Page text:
Through freezing winters, months in isolation cells, and the numbing regimen of prison-camp life, the poetry sustained her. During more than four years in confinement, she wrote - and remembered - some 150 poems."

Ratushinskaya travelled to the UK in the early 90s when Audrey recalls being "lucky enough to hear her read" at the Albert Hall, London. For this episode of Poet's Corner Audrey has chosen a "powerful and beautiful poem from a wonderful book", I Will Live and Survive from No, I'm Not Afraid published by Bloodaxe Books in 1986.


Image: Taras Shevchenko 1814-1861 / Credit: Idler Book of the Week

Time determines how we perceive a piece of writing. These words are posted on the website of Ukrainian poet Taras Shevchenko Museum in Toronto, Ontario. Written before the Russian invasion of the Ukraine the words have an additional significance in the midst of war.

"Shevchenko dreamed of a Ukraine that would be free of the stifling rule and censorship of the Russian Tsarist Imperial government. Some of Shevchenko's works were also censored by the Soviet Union.

Now that Ukraine has been independent since August 24, 1991 does Shevchenko's poetry still hold any interest for the modern reader? Indeed it does, because Shevchenko was not only a national poet of Ukraine he was also a universal poet. He defended the rights of all peoples to freedom, of human dignity, of women, of Jews, and stressed the importance of education, tradition and heritage.

In addition, the renaissance of the Ukrainian language now in progress since 1991 is a tribute to Shevchenko's role as the founder of the modern literary Ukrainian language. "

The museum's Short Biography of Shevchenko begins and ends:

"Taras Hryhorovych Shevchenko, the great Ukrainian poet, writer, artist, and public and political figure, was born on March 9, 1814, in the village of Moryntsi, Kyiv gubernia, in the Russian Empire (today Ukraine). His parents, Kateryna and Hryhoriy, were serfs on the land of Vasiliy Engelhardt.

His grandfather, who had witnessed peasant uprisings, had a significant influence on the young boy. Taras's literate father, sent his son to apprentice with, and be educated by, a deacon. In 1823, his mother died, followed by his father in 1825. For some time, little Taras served as a houseboy and was already showing a talent for drawing. At fourteen, he became a domestic servant to Pavlo Engelhardt who had inherited the estate from his father, Vasiliy...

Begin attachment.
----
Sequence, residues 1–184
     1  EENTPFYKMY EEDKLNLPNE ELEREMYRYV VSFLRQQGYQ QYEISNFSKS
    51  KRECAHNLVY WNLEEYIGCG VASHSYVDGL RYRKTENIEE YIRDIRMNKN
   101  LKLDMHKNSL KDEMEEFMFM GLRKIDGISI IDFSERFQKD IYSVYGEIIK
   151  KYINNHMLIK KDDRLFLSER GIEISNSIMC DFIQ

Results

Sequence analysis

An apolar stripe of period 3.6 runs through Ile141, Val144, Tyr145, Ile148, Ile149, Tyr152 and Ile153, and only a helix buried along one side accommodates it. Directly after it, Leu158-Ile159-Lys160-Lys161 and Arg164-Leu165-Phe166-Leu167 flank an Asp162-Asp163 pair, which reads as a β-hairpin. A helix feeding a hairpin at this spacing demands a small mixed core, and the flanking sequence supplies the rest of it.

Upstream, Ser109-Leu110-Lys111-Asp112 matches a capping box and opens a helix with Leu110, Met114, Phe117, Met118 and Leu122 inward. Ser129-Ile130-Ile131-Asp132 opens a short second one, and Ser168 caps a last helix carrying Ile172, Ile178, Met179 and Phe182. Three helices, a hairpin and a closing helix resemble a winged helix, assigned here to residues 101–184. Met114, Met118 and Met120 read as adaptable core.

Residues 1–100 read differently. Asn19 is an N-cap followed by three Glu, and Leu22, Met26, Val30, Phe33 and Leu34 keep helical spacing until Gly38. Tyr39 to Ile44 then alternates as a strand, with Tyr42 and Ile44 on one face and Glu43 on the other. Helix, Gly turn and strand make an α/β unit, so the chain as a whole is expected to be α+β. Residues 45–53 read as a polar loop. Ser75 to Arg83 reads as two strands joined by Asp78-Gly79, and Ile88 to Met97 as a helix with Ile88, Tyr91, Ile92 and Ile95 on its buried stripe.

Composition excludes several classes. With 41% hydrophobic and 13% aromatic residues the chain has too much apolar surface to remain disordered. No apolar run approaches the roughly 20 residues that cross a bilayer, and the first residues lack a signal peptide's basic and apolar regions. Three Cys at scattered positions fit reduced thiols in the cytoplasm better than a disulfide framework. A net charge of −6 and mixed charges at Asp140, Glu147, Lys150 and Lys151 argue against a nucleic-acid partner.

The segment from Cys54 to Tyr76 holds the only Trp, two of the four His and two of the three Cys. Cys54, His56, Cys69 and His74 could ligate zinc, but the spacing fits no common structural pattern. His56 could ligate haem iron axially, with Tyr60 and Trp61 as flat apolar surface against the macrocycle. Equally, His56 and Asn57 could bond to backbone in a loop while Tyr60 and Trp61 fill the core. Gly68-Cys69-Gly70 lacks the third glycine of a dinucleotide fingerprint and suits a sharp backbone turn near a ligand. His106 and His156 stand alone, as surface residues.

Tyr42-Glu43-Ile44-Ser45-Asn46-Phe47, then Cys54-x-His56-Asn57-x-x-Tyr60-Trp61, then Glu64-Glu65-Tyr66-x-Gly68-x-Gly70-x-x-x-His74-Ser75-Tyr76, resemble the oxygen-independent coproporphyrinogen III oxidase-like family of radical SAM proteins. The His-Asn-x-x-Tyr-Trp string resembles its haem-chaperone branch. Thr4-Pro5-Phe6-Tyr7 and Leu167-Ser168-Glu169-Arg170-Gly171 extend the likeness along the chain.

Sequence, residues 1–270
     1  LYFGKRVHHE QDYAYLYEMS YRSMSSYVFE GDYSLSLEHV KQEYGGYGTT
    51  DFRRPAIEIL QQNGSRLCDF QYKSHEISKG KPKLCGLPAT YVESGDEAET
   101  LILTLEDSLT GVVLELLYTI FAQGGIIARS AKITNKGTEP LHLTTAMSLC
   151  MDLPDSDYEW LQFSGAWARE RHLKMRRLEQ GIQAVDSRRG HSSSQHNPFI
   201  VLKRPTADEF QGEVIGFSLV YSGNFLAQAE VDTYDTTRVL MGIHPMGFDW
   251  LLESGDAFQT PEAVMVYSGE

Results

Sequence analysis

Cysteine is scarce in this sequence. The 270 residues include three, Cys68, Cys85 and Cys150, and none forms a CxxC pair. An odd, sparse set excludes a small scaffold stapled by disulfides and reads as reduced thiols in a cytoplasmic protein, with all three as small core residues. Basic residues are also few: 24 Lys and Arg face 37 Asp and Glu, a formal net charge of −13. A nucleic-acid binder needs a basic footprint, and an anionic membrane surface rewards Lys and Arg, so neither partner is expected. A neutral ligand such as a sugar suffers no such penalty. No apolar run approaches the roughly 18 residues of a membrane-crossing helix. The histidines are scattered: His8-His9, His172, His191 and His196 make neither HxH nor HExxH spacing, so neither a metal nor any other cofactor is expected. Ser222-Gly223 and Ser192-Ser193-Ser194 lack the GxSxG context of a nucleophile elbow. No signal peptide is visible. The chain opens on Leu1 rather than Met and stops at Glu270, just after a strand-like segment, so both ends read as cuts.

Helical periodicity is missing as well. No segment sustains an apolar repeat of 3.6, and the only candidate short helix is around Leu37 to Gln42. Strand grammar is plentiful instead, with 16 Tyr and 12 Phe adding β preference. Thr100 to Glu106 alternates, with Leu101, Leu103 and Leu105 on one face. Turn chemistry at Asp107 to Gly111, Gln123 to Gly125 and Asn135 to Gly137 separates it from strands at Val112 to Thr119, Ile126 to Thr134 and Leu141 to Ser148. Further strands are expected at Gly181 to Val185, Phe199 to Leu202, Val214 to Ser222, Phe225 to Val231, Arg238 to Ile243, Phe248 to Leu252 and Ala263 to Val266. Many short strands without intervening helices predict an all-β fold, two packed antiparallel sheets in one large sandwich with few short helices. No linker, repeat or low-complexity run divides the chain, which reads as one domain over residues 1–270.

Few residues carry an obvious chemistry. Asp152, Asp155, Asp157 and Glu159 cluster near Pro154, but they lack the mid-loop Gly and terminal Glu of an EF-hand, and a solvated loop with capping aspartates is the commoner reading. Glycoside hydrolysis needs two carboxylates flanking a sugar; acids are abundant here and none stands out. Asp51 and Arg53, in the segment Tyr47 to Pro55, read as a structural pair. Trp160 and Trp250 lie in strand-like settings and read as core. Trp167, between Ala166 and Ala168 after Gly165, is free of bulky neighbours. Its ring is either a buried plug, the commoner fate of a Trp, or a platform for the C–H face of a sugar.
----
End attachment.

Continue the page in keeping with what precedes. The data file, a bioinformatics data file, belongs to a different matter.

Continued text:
Image: Taras Shevchenko Receiving Release from Serfdom,

an oil painting by Petro Sulimenko / Credit:

...The poet was first buried at the Smolensk Cemetery in St. Petersburg. Immediately, his friends undertook to fulfill his wish expressed in Zapovit (Testament) to bury him in Ukraine. The coffin with Shevchenko’s body was taken by train to Moscow, and then by horse-drawn wagon to Ukraine.

Shevchenko's remains entered Kyiv on the evening of May 18, 1861, and on May 20 they were transferred to the steamship Kremenchuk which took Shevchenko's remains to Kaniv where on May 22, 1861, Taras was buried on Chernecha Hill (now Taras Hill) by the Dnipro River.

A tall mound was erected over his grave, and has become a sacred site for the Ukrainian people."

Describing Shevchenko's poem Testament, Audrey says it is"a love poem to the Ukraine. It makes me want to cry when I read it." You can listen to Audrey discussing and reading three poems reflecting Russia's invasion of the Ukraine by clicking on the link below.


A Poet with an Artist's Painterly Sensibility

Audrey Ardern-Jones at the summer 2021 unveiling of the Emily Wilding Davison Memorial in Epsom's market square where Audrey read her poem 'Tattenham Corner' about Suffragette Emily Wilding Davison's last moments / Credit: Audrey Ardern-Jones

“Ardern-Jones is a poet with an artist’s painterly sensibility, a musician’s fine ear, a nurse’s affinity for strangers and their plight. Poems for the ear, poems of language – Polish and Bemba, Portuguese and English. An intelligent, finely crafted poetry of curiosity and caring, of listening and loving, of humour and hope.” Paul Stephenson, an award winning poet and blogger, podcaster and co-curator of Poetry in Aldeburgh and teacher at the Poetry School, who interviews poets on their first collections.

Audrey Ardern-Jones spent her childhood in Africa (Lusaka, Zambia) where her English father and Polish mother were posted. She’s enjoyed a wonderful nursing career, specialising in cancer genetics. Audrey has always loved the Arts and founded The Poetry & Music Ensemble in 1984.

Her poems are widely published and have won prizes or been commended in international competitions. Currently, she is Artist in Residence at The Royal Marsden NHS Foundation Trust and is an active supporter of poetry projects in her community of Epsom & Ewell.

The publisher's link takes you to Doing The Rounds, Audrey's collection of poems. "This collection touches on the poet's childhood memories of living in Africa - her feelings of being in awe of so much and yet uncertain about many of the happenings. Most of her travel poems in India relate to incidents that have made her question herself - some of the poems about her Polish mother and her suffering post WW2 echo throughout the collection."